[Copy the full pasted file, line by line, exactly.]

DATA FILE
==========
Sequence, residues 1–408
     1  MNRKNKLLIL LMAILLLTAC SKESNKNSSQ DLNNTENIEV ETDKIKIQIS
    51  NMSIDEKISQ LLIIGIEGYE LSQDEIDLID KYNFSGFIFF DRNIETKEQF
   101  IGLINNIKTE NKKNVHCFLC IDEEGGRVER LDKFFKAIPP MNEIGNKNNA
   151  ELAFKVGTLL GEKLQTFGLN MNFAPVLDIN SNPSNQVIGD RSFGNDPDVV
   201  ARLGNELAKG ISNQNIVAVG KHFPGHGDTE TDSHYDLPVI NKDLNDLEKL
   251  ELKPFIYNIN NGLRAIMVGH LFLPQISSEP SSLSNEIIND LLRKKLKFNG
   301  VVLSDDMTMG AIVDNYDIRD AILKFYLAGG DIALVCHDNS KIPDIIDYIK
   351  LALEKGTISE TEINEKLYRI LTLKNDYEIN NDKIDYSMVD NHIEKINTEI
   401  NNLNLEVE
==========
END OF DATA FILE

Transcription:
Sequence, residues 1–408
     1  MNRKNKLLIL LMAILLLTAC SKESNKNSSQ DLNNTENIEV ETDKIKIQIS
    51  NMSIDEKISQ LLIIGIEGYE LSQDEIDLID KYNFSGFIFF DRNIETKEQF
   101  IGLINNIKTE NKKNVHCFLC IDEEGGRVER LDKFFKAIPP MNEIGNKNNA
   151  ELAFKVGTLL GEKLQTFGLN MNFAPVLDIN SNPSNQVIGD RSFGNDPDVV
   201  ARLGNELAKG ISNQNIVAVG KHFPGHGDTE TDSHYDLPVI NKDLNDLEKL
   251  ELKPFIYNIN NGLRAIMVGH LFLPQISSEP SSLSNEIIND LLRKKLKFNG
   301  VVLSDDMTMG AIVDNYDIRD AILKFYLAGG DIALVCHDNS KIPDIIDYIK
   351  LALEKGTISE TEINEKLYRI LTLKNDYEIN NDKIDYSMVD NHIEKINTEI
   401  NNLNLEVE